Text messages — or, rather, the lack thereof — have plagued investigations into the events of January 6, 2021, and now, missing messages from top Trump-appointed officials within the Department of Homeland Security (DHS) are stirring up new questions about the failure of the agency’s watchdog to inform officials of the potential destruction of relevant records.
A document obtained by the Project On Government Oversight (POGO), a nonpartisan independent watchdog tasked with investigating government waste and corruption, has revealed that the text messages of former acting Homeland Security Secretary Chad Wolf and his deputy, Ken Cuccinelli, can not be found — an indication that the Secret Service is not alone in its difficulties with record retention.
Secret Service discovers records of potential deleted Jan 6 text messages on phones of 10 agents, report https://t.co/dXNrQHXcHI
— American Wire News (@americanwire_) July 25, 2022
First reported in The Washington Post, the message, sent to DHS Inspector General Joseph Cuffari in late February, shows that, in multiple instances, DHS’s top watchdog declined to inform lawmakers of the missing texts, despite knowing as early as last December that the messages were irretrievable.
Cuffari stated in February that he would assist in the effort to produce deleted Secret Service text messages, but according to several sources, he later changed his mind and called off the search.
“In early February, after learning the Secret Service’s text messages had been erased as part of a migration to new devices, staff at Inspector General Joseph V. Cuffari’s office planned to contact all DHS agencies offering to have data specialists help retrieve messages from their phones, according to two government whistleblowers who provided reports to Congress,” The Post reports. “But later that month, Cuffari’s office decided it would not collect or review any agency phones, according to three people briefed on the decision.”
Cuffari has been under attack from Democratic lawmakers who claim Cuffari’s office has not been sufficiently aggressive in its investigation of the agency’s response to events on January 6 at the Capitol.
In a letter this month to the House and Senate Homeland Security committees, Cuffari stated that Secret Service text messages from the crucial time leading up to and including Jan. 6 were “erased,” but he didn’t immediately mention the other missing texts or the fact that his office reportedly knew the texts were gone in December and the phones were not examined.
“To preserve the integrity of our work and consistent with U.S. Attorney General guidelines, DHS OIG does not confirm the existence of or otherwise comment about ongoing reviews or criminal investigations, nor do we discuss our communications with Congress,” a spokesperson for Cuffari’s office said in a Friday night statement.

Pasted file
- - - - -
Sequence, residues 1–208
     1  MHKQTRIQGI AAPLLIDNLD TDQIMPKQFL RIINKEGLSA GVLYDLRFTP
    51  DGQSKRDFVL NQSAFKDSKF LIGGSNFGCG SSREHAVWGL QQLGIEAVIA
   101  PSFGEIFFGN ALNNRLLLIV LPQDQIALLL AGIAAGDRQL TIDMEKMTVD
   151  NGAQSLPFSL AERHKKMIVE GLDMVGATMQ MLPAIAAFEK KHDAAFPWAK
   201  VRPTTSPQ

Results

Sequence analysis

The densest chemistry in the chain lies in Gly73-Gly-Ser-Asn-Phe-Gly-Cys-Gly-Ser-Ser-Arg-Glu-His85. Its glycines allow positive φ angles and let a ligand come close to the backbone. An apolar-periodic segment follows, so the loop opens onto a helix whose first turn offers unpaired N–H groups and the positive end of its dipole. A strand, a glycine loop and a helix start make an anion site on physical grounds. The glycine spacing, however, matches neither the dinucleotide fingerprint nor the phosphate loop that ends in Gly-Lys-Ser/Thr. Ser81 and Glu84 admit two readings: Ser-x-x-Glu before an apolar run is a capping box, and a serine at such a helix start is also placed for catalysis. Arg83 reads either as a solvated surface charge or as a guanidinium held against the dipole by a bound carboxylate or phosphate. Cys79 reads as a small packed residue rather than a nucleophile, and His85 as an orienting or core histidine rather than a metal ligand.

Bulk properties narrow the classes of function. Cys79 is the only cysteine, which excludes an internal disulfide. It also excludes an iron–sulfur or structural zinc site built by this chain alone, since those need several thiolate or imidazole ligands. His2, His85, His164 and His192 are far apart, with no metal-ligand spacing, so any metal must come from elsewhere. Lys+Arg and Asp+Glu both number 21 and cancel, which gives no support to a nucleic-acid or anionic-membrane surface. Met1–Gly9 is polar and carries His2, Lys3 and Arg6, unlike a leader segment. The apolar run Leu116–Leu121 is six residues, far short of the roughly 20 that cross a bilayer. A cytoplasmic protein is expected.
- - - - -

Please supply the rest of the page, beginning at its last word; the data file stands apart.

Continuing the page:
According to DHS spokeswoman Marsha Espinosa, the agency is cooperating with the investigation and is “looking into every avenue to recover text messages and other materials for the Jan. 6 investigations.”
And as American Wire reported, Secret Service spokesman Anthony Guglielmi has refuted the notion that the agency maliciously deleted any requested text messages.
“The insinuation that the Secret Service maliciously deleted text messages following a request is false. In fact, the Secret Service has been fully cooperating with the Department of Homeland Security Office of Inspector General (DHS OIG) in every respect – whether it be interviews, documents, emails, or texts,” he stated.
Secret Service fires back over accusations it erased text messages on Jan. 6 https://t.co/IUzPpbgz5l
— American Wire News (@americanwire_) July 16, 2022
Cuffari’s perceived failures to properly secure and produce records and to keep investigators informed resulted in a Tuesday letter from Reps. Bennie G. Thompson (D-Miss.), chair of both the House Homeland Security Committee and the Jan. 6 Committee, and Carolyn B. Maloney (D-N.Y.) in which they declared they “do not have confidence” in Cuffari’s ability to conduct the investigation.
On Friday, the Senate Judiciary Committee Chair, Sen. Richard J. Durbin (D-Ill.), joined the choir, calling the missing text messages “an extremely serious matter” and asking the Justice Department to “step in.”
“Inspector General Cuffari’s failure to take immediate action upon learning that these text messages had been deleted makes clear that he should no longer be entrusted with this investigation,” Durbin stated. “That’s why I’m sending a letter today to Attorney General Garland asking him to step in and get to the bottom of what happened to these text messages and hold accountable those who are responsible.”
Cuffari was given until August 9 to respond to the lawmakers.
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